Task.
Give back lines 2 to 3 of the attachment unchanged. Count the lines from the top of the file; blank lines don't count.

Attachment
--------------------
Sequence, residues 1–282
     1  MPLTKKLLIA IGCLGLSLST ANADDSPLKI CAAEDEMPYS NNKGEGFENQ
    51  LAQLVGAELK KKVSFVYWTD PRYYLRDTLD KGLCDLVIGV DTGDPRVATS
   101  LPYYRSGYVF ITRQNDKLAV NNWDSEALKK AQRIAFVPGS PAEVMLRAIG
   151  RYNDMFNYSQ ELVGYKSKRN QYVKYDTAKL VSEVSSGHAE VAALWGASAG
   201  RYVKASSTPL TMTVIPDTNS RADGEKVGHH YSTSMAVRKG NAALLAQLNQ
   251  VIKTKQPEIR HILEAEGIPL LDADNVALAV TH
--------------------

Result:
     1  MPLTKKLLIA IGCLGLSLST ANADDSPLKI CAAEDEMPYS NNKGEGFENQ
    51  LAQLVGAELK KKVSFVYWTD PRYYLRDTLD KGLCDLVIGV DTGDPRVATS